If you resolve that and still have a leak, keep looking.
 

drm1

.
Sep 13, 2020
12
Hunter 36 50 Point
Thanks tfox. Yes I was wondering about the stuffing box as a potential leak point. I don't think its ever been changed. The boat has only ever been freshwater sailed. Is there a way I can tell by looking at it to see if it needs replacement? Sounds like maybe I should just do it to eliminate the variable.
 
Apr 8, 2011
322
Hunter 36 Deale, MD
Thanks tfox. Yes I was wondering about the stuffing box as a potential leak point. I don't think its ever been changed. The boat has only ever been freshwater sailed. Is there a way I can tell by looking at it to see if it needs replacement? Sounds like maybe I should just do it to eliminate the variable.
There's no way out of the water you can tell if the stuffing box needs adjusting or replacement. Once in the water you can tell if its dripping at rest, as I mentioned previously.

Agree with you that its probably past time to change your stuffing out. If you do, recommend you tighten the nuts just slightly - maybe gently hand tight - and then be prepared when the boat is still in the slings at launch to go below and tighten JUST until the water stops dripping. Then you'll want to check it while underway with the engine to ensure its dripping slightly, but not when at rest. The packing will need some settling/wearing in, so expect to tighten it just a little bit a few times, and then just check it periodically.

Good luck!
 
Jan 4, 2006
3,295
Hunter 310 West Vancouver, B.C.
I don't think its ever been changed.
If it hasn't been changed since 2009 and you don't know the type of packing or its condition, now that the boat's out of water would be the ideal time to change the packing material. It's doubtful you'll be able to tighten it properly once you're back in the water and you don't want to try to change it in the water if it's eleven years old.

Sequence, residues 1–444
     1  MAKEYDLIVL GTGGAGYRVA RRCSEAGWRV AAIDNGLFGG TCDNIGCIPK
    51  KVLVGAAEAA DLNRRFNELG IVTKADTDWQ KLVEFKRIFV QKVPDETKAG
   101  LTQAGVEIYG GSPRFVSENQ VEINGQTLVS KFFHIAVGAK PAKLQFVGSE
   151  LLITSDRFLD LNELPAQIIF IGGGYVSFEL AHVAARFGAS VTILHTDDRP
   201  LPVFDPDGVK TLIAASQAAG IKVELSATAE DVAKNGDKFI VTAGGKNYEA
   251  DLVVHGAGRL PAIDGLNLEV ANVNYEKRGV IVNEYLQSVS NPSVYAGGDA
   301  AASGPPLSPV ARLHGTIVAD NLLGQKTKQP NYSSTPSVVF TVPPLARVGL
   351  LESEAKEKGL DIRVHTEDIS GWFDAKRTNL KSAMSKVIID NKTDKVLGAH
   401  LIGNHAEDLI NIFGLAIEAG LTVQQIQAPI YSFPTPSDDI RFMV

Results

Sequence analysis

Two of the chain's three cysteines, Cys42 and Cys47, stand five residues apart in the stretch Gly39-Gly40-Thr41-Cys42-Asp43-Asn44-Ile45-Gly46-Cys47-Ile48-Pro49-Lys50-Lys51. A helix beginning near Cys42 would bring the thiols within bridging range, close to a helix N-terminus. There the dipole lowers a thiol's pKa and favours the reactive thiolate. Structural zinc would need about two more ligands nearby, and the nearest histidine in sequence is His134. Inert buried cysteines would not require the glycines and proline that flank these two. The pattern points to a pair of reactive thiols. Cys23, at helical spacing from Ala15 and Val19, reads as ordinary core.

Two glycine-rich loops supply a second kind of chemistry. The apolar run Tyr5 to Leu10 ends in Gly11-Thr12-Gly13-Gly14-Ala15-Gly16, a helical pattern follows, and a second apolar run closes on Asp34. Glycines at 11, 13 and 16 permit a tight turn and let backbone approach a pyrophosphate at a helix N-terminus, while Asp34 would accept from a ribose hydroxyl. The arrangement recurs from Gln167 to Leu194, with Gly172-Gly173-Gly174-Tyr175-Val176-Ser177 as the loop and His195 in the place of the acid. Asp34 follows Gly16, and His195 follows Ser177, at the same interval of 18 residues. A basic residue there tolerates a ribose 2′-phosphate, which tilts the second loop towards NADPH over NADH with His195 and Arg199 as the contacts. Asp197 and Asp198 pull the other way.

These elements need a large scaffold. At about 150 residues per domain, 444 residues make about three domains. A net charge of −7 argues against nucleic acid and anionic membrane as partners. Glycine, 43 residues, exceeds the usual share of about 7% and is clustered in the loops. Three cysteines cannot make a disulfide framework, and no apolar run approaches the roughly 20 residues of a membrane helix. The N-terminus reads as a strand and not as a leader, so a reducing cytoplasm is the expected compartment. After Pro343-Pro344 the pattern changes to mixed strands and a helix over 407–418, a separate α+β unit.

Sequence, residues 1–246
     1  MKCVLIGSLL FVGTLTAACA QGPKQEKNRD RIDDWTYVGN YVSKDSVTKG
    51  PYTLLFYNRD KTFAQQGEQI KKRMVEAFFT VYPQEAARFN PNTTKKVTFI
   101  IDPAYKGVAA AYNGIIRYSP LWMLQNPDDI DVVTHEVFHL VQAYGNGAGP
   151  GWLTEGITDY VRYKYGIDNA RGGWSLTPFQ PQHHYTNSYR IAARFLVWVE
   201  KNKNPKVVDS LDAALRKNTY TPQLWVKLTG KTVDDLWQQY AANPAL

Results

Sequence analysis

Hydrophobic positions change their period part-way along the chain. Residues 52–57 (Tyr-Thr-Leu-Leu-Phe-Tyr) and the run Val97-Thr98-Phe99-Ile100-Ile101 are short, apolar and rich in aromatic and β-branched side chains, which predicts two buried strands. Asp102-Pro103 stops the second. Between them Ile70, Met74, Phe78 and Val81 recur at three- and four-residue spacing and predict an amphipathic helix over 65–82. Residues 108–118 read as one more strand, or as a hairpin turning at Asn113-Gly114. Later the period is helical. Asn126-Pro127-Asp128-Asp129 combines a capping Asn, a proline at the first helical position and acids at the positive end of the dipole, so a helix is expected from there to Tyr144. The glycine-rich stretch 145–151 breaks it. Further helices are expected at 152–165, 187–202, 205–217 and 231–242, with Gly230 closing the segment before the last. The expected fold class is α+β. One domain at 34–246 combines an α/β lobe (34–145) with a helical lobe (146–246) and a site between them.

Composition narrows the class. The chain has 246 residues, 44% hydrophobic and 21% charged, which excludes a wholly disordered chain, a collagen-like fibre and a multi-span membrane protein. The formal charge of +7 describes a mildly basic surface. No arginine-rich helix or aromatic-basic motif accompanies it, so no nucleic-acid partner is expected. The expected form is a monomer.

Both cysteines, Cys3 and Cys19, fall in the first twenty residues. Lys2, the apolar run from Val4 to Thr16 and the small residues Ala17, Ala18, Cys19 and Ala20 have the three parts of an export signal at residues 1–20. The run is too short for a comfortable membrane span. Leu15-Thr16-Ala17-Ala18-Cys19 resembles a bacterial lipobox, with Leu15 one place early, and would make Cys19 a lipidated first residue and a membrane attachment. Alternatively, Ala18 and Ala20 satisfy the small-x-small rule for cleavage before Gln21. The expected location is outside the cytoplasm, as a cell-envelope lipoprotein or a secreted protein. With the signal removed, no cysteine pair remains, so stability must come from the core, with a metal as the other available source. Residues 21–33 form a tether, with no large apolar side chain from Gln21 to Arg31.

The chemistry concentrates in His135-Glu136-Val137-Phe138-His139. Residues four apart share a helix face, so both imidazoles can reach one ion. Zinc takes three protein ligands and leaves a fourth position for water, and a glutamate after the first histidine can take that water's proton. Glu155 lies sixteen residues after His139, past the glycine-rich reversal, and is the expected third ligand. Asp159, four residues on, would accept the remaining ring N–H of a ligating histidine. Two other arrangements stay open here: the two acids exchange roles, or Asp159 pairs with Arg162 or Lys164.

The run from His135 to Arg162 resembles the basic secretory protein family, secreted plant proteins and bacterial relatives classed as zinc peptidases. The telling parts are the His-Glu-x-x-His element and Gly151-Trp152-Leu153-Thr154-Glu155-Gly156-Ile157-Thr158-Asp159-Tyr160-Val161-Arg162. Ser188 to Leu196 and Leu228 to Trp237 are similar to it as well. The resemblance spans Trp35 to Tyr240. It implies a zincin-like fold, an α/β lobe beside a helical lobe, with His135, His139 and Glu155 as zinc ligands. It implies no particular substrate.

It's not going to be a fun job but take it slowly and you'll live to tell us all about it :mad: !
 
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Likes: Tally Ho
Dec 25, 2000
4,741
Hunter Passage 42 Shelter Bay, WA
I'd appreciate any ideas that anyone has.
Before replacing the stuffing box packing consider what others have suggested and that is to tighten the box a flat or two. Odds are the packing material is still in good condition. What I do is tighten it by hand then one flat tighter with a wrench. Even when I replace ours every seven years, the material is almost like new.

When you splash, the packing will have dried out during the winter so good chance it will leak some until it becomes soaked and swells with water. One other note, when you loosen the box, apply some anti-seize lubricant to the box threads and lock nut face. I'm assuming you have the standard bronze stuffing box and the anti-seize lubricant will help to prevent the box and nut from seizing between adjustments.